Why I couldn’t be a Journalist

I had always dreamt of being a Journalist since I went to University but when I graduated and  I decided that  I wanted to work in Marketing.

And I am glad I made that change as now in a world filled with termoil and bad news happening every blooming second, Journalists have to report the harrowing goings on- I don’t think I could be cut out for it.

Laura Kuenssberg  is a total legend and a massive inspiration to me- plus she wears pink blazers so what’s not to like?  But she has to report about Brexit, interview politicians and now report about Covid19 and I wonder how the heck does she sleep at night?

How do you report to the world about the s ituations going on right now to then suddenly go home to her loved ones? How can you switch off? Perhaps she Laura doesn’t I don’t know.

All I know is that if that were me, I would come home in rage and anger and want to vent out my frustrations to my family when I got home.  I would try to do yoga and practice mindfulness but then I would know I would have to face it all over again the next day.

It’s not just Laura though, all reporters out there no matter what the platform ar having to report about deaths, bodies, murder, politics, racism.., the list goes on.  As a reporter you need to remain professional, balanced and not bring your own emotion or opinion to a story and I know that I get emotionally invested in hard hitting news stories. I would find it hard to hold back the tears when reporting to the camera, I would end up crying when the camera’s off.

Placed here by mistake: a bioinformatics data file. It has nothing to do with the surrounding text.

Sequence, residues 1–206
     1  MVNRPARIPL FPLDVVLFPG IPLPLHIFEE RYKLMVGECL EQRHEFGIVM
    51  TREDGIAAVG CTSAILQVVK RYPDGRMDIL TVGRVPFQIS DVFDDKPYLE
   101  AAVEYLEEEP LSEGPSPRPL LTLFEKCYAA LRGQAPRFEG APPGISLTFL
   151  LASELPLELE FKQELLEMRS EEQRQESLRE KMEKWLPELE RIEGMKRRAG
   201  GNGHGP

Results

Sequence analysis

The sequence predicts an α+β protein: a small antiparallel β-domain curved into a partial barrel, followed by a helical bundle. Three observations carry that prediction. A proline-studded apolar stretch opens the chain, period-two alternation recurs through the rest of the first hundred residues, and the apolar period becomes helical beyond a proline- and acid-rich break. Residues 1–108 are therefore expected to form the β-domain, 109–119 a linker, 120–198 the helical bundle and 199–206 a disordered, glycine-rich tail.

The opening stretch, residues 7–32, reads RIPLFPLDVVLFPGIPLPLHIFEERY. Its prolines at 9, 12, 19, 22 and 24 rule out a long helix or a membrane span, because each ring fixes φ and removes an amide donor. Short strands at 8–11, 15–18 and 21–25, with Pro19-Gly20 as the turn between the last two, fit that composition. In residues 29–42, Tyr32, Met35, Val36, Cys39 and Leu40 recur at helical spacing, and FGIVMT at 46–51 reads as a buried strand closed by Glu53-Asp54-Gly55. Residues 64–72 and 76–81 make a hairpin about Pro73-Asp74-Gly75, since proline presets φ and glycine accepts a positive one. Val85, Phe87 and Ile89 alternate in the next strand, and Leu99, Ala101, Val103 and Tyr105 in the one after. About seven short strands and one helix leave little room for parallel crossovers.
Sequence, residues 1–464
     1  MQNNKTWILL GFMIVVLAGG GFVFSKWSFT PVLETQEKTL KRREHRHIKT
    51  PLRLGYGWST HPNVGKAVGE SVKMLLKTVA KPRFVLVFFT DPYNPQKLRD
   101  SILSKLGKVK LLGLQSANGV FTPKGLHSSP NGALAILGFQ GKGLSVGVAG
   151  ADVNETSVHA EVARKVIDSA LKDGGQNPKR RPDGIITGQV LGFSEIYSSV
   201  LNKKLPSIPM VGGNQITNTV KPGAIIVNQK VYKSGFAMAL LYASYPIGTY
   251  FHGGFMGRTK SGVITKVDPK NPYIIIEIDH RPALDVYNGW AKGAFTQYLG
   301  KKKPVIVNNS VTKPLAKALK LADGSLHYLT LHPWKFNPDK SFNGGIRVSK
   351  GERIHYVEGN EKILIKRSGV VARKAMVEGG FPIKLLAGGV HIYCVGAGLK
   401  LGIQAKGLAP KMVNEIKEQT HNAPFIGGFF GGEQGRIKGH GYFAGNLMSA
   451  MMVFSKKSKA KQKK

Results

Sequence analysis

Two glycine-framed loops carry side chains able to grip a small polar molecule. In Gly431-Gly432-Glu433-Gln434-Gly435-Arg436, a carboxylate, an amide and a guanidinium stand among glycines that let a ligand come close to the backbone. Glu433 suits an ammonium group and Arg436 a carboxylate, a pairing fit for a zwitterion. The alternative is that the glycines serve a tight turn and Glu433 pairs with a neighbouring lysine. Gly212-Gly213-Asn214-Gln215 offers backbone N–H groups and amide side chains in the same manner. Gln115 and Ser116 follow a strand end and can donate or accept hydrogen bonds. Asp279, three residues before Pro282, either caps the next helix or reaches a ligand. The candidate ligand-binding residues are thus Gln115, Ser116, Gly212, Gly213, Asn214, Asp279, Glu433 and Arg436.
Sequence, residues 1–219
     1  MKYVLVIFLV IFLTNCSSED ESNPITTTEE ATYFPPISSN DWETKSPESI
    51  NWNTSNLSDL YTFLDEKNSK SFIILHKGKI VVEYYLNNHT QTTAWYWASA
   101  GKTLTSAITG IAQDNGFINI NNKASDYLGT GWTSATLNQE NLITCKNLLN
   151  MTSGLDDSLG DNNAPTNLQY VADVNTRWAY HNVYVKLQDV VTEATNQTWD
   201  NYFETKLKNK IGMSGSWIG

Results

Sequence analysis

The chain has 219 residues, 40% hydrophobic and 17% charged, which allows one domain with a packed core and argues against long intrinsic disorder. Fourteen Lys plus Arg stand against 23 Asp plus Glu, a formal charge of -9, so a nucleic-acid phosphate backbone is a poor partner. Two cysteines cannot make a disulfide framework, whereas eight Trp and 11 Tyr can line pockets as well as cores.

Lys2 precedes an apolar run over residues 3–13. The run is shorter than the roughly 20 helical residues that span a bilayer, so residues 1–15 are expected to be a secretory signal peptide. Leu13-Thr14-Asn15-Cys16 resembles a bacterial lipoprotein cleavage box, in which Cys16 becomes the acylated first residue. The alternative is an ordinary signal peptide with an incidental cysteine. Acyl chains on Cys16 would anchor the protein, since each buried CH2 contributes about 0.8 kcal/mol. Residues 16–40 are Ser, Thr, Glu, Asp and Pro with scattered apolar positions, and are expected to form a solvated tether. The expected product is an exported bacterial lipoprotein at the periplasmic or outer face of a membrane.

Obviously reporters are human and they will have times when they need to take a moment for their mental health.  They must be really strong when having to be a Journalist in the world that we are living in right now. I bow down to them and appluaude their work as I could not be a Journalist not where everyday was a bad news story day.

 

 

2 thoughts on “Why I couldn’t be a Journalist

  1. As a former journalist not every day is a bad news day at all. You do got emotionally invested of course, for example I covered lots of fundraising stories of a little lad called Ethan Maull who had cancer and wanted to open a respite centre for children and their families. I had a great relationship with his family. When he sadly passed away they spoke to me exclusively and I helped to plan a special balloon release so the city could say goodbye to him. They invited me to cover his funeral and it was incredibly sad but an absolute honour. I’ve covered some lovely positive news stories too. I’ve met MPs, ministers, Professor Brian Cox, veterans, the Red Arrows pilots. As education reporter I got to judge story writing competitions with schools which was great. It’s a tough job absolutely but the support you get in the newsroom massively helps when you’re covering something so devastating.

    Liked by 1 person

    1. Hi Rachel, Thank you for commenting on my post 🙂 Thank you for telling us your story, it sounds like you had an amazing career as a journalist and experienced some amazing things. I just think you have to have tough skin and I could not do it.

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